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Technical FAQ: More on disc rotors in soupy mud

  • By Lennard Zinn
  • Published Feb. 5, 2013
Solid rotors from SRAM and Magura are one solution to reduce disc pad wear in soupy conditions. Photo: Lennard Zinn | VeloNews.com

Editor’s Note: Lennard Zinn’s regular column is devoted to addressing readers’ technical questions about bikes, their care and how we as riders can use them as comfortably and efficiently as possible. Readers can send brief technical questions directly to Zinn.

In my recent column on dealing with disc-brake problems in soupy mud, one suggestion for preventing rapid pad wear was solid rotors, as they have worked well for motorcycle racing in those conditions. Here are some suggestions and more discussion on that.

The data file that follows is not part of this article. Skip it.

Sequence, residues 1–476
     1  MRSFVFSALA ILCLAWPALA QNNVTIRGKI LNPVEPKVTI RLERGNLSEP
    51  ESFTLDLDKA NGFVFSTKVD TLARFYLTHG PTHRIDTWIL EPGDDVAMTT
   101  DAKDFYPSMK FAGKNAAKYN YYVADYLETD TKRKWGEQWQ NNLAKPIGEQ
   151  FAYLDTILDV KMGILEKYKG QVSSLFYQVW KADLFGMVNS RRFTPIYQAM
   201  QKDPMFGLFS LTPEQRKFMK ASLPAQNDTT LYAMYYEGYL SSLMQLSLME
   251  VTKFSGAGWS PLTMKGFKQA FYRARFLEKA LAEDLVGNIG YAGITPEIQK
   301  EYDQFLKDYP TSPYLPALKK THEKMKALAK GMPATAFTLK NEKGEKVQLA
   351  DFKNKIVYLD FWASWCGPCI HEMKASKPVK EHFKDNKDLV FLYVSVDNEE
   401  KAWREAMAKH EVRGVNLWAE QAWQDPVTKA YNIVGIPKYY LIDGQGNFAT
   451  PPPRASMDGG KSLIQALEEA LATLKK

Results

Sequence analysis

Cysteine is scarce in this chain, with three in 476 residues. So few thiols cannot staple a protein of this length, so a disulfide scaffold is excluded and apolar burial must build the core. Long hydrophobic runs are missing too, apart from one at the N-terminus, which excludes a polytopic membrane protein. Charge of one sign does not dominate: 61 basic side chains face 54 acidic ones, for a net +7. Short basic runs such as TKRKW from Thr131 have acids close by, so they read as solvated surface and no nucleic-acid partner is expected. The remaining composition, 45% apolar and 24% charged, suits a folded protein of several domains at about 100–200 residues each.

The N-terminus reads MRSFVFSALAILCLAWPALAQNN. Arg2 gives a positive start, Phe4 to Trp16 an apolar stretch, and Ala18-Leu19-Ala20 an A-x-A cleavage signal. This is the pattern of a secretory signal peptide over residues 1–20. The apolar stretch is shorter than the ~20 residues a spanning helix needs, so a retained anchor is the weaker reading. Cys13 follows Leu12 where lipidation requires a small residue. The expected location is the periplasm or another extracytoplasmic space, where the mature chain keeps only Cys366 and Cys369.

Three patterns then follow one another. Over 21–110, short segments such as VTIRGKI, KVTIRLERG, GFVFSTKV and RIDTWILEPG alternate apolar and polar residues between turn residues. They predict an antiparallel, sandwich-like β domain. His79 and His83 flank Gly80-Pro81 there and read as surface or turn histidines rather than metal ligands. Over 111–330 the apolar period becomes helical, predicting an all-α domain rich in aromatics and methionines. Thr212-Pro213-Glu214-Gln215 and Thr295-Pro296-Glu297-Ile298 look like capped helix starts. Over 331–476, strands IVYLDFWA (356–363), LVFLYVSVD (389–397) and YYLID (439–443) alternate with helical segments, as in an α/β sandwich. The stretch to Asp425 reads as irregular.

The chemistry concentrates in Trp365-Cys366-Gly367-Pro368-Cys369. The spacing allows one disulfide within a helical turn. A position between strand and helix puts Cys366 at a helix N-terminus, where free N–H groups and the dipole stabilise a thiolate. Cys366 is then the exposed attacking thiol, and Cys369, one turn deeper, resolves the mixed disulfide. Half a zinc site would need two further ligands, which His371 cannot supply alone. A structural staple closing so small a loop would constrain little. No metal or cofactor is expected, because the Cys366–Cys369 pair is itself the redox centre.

SRAM’s Solid Sweep rotors

Dear Lennard,
Avid used to make the Solid Sweep rotor (they still may). It looks like SRAM released them for “resonance” issues, but they appear as if they would help premature pad wear as well.
—Nathaniel

Dear Lennard,
I did a search on the SRAM website and found Solid Sweep rotors listed in their “spare parts” catalog.
—David

Dear Lennard,
Avid makes a rotor called the Solid Sweep: BTI part number AV-7171. It only comes in 140mm, though.
—Ian

Magura alternative

Dear Lennard,
I’m sure you’ll get a few responses, but there are non-vented rotors available on the market. I’ve got Magura Marta SL rotors that are wavy but not drilled.

May not be widely available any more but shouldn’t be too hard to find still either.
—Andrew